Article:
I have a confession to make.
Really, I should be ashamed of myself. It’s time I got it out in the open, however:
I’m not very good at remembering to water my houseplants. It’s not that I mean to forget…it just sometimes happens. I like to pretend it’s because I’m doing everything within my power to prevent mould and other nasty humidity-related issues, but really, it’s just because I’m always on the go and certain things get kind of shuffled to the wayside.
Yep, now I’ve admitted it. Please don’t judge me too harshly!
It’s a good thing I have mostly African violets, which like to dry out between waterings. In an attempt to alleviate the pain and suffering of my poor beleaguered plants, I’ve occasionally used water retaining crystals (aka hydrogels) in my potting soil. For the most part, though, I haven’t really had to significantly change my watering schedule for plants with water retaining crystals in the soil versus those without; the extension of time between waterings seems to be a couple of days, perhaps three or four if I’m lucky. I’ve never tried out the crystals in my outdoor containers, so I’m not sure if they would make a difference in hanging baskets or planters. I’ve also never used commercial premixed potting soil that contains hydrogels.
Here’s the thing: it seems that there is a bit of a controversy regarding water retaining crystals. Many garden experts do not recommend their use, calling them gimmicks and citing their ineffectiveness. (Plus, potting mixes containing the crystals are more expensive than those without!). And, even more damaging: I came across an article this past week which suggests that the common type of crystals made from polyacrylamide may actually be carcinogenic! Oh boy, that’s not what I want in the soil for my houseplants…and definitely not in the potting mixes I’m growing food crops in.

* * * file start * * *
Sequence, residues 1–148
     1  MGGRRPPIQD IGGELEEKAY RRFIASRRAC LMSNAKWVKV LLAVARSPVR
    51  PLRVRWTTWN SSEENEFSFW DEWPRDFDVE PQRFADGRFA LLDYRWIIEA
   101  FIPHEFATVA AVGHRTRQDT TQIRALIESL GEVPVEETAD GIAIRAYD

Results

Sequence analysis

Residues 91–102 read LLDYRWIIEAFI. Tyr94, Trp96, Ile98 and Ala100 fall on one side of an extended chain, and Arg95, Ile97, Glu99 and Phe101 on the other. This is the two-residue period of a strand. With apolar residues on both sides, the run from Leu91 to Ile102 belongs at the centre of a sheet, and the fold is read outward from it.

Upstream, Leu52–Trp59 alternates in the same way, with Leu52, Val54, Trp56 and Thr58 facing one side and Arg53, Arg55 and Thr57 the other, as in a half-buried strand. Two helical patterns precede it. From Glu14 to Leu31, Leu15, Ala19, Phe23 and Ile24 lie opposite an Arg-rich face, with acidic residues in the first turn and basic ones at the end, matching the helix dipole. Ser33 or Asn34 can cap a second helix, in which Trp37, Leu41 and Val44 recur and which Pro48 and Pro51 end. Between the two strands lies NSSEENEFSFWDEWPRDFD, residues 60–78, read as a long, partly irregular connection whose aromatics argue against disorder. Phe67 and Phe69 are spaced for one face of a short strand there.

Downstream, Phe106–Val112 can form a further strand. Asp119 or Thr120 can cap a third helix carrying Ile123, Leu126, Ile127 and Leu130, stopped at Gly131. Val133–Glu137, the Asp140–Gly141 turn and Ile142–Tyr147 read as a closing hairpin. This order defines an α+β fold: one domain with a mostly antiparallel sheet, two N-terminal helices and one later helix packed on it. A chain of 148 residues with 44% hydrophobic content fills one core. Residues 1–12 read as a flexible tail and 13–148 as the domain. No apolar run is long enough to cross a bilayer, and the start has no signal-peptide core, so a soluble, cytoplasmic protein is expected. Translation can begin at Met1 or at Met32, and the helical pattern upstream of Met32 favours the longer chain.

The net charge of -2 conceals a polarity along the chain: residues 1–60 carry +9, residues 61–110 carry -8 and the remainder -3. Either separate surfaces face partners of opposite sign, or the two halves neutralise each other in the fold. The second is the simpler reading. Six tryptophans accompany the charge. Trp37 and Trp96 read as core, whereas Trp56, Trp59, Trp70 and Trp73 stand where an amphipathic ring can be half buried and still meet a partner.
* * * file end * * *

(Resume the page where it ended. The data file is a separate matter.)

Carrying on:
There are alternatives to the polyacrylamide crystals (besides actually watering on a regular basis!). The ones made of starch may actually be better at retaining water, and they are considerably safer. I’m not certain how many studies have been done about all of this, and there is bound to be some continued debate.
Weigh in! Have you ever used water retaining crystals – or would you ever use them – in your potting soil?
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